SANTA BARBARA, CA – February 14, 2013 — “Our first priority is making America a magnet for new jobs and manufacturing,” President Obama promised during his State of the Union speech, but he then undercut American workers with his immigration proposals to fill those jobs with foreign workers, according to the nonpartisan group, Californians for Population Stabilization (CAPS).
"Obama’s words were full of compassion for the unemployed and working poor, but his plans to bring in more foreign laborers demonstrate his insincerity,” said Marilyn DeYoung, Chairman of the Board of CAPS. “This will just increase competition for those without jobs and exacerbate our increasing income inequality. An amnesty for illegal workers will provide an incentive for even more illegal immigration.”
Along with his call for a “responsible pathway to earned citizenship” for illegal workers, the President wants to speed the flow and “cut waiting periods” for legal immigration. Many businesses prefer to bring in foreign workers and pay them lower wages instead of hiring Americans who need jobs.
Obama also failed to address the serious problems of chain migration and visa overstayers. Chain migration—the entitlement of adult relatives outside the immigrant’s immediate family to come to the U.S—is the driving force behind record levels of immigration in this country. Recently introduced legislation would remove this preference and limit family reunification to immediate family members.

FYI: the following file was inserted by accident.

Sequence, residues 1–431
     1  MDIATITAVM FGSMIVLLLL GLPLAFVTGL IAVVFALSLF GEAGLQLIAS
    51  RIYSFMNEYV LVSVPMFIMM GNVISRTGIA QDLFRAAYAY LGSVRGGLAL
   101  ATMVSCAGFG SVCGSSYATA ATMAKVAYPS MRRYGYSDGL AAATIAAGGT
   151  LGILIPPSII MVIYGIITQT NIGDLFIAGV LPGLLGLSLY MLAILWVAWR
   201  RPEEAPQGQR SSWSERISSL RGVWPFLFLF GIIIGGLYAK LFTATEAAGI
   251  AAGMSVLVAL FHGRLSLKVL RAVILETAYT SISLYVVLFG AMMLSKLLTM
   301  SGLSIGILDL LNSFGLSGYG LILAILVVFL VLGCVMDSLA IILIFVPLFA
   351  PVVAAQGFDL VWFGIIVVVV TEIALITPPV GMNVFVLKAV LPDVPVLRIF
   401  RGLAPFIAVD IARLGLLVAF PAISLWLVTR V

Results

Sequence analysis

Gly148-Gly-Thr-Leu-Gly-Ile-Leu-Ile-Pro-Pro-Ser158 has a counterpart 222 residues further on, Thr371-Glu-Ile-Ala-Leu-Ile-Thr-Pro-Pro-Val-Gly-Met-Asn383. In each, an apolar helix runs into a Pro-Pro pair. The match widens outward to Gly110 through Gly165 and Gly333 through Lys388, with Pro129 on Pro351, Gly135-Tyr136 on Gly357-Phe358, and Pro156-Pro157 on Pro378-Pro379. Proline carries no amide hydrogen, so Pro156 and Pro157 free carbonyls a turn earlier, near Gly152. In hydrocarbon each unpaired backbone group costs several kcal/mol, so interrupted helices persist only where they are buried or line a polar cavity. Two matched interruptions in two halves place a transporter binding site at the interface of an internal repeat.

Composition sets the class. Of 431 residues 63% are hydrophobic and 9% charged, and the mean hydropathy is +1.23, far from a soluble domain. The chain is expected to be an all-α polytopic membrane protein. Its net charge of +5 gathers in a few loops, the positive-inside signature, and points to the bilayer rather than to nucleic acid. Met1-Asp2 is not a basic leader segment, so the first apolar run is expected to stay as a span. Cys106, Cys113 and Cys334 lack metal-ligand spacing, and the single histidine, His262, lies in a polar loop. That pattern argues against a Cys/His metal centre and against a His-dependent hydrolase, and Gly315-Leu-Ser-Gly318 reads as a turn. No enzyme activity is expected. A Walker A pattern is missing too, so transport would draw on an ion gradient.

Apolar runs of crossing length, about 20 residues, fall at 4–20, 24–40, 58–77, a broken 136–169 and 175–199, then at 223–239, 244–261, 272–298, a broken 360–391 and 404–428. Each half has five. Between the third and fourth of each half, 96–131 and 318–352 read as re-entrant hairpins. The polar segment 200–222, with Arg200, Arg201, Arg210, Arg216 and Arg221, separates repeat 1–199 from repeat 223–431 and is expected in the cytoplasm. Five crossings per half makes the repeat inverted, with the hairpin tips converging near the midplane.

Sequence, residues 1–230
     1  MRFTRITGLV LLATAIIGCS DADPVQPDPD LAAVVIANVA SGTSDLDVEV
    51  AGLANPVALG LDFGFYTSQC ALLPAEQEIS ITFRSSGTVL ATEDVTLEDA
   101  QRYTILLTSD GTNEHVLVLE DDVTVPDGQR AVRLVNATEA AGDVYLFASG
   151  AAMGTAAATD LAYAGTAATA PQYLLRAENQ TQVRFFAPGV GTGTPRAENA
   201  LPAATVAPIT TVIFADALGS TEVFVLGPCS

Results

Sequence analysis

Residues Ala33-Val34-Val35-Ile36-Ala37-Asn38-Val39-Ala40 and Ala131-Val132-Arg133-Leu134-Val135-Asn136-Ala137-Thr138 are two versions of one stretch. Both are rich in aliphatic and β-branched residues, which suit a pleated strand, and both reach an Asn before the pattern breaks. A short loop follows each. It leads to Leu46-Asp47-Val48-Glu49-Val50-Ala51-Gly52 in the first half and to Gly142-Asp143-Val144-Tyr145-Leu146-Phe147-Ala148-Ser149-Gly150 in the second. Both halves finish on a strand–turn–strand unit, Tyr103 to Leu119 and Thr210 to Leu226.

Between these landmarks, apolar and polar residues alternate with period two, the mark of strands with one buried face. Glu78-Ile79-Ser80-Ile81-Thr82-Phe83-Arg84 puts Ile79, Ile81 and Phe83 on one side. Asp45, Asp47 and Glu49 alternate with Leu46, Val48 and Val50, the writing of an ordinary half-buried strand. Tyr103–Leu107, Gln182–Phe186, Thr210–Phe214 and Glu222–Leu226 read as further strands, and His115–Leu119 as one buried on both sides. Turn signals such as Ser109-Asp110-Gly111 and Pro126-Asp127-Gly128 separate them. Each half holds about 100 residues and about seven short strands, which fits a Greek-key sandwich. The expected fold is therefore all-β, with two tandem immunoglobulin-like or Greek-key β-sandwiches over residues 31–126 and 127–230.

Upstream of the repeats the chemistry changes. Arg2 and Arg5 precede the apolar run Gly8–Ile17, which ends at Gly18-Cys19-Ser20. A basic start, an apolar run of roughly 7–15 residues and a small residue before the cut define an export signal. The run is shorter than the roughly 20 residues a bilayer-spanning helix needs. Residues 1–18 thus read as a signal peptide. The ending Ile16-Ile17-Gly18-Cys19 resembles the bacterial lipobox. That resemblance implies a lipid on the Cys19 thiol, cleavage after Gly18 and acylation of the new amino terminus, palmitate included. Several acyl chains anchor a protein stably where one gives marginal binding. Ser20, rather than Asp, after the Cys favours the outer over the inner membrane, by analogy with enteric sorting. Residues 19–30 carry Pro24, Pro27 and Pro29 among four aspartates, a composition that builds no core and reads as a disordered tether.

About 40 percent of the illegal alien population arrived here legally, but then refused to leave when their visas expired. Even if Obama were committed to enhanced border security, inadequate law enforcement would lead to continued illegal immigration from those who overstay their visas.
Sen. Marco Rubio, offering the Republican response, said less about immigration than many had expected. He alluded to the possibility of an amnesty, but said, “First, we must follow through on the broken promises of the past to secure our borders and enforce our laws.”
“He may be experiencing some pushback on his support for amnesty,” said DeYoung. “It’s too early to tell, but his comments suggest he realizes Americans will not tolerate another false promise of secure borders like the one that accompanied the 1986 amnesty.”
“I wish President Obama and Congress had a little more empathy, and a little less empty rhetoric, for the over 12 million who are unemployed in this country. You do not fight unemployment by importing more workers. It really is that simple,” DeYoung concluded.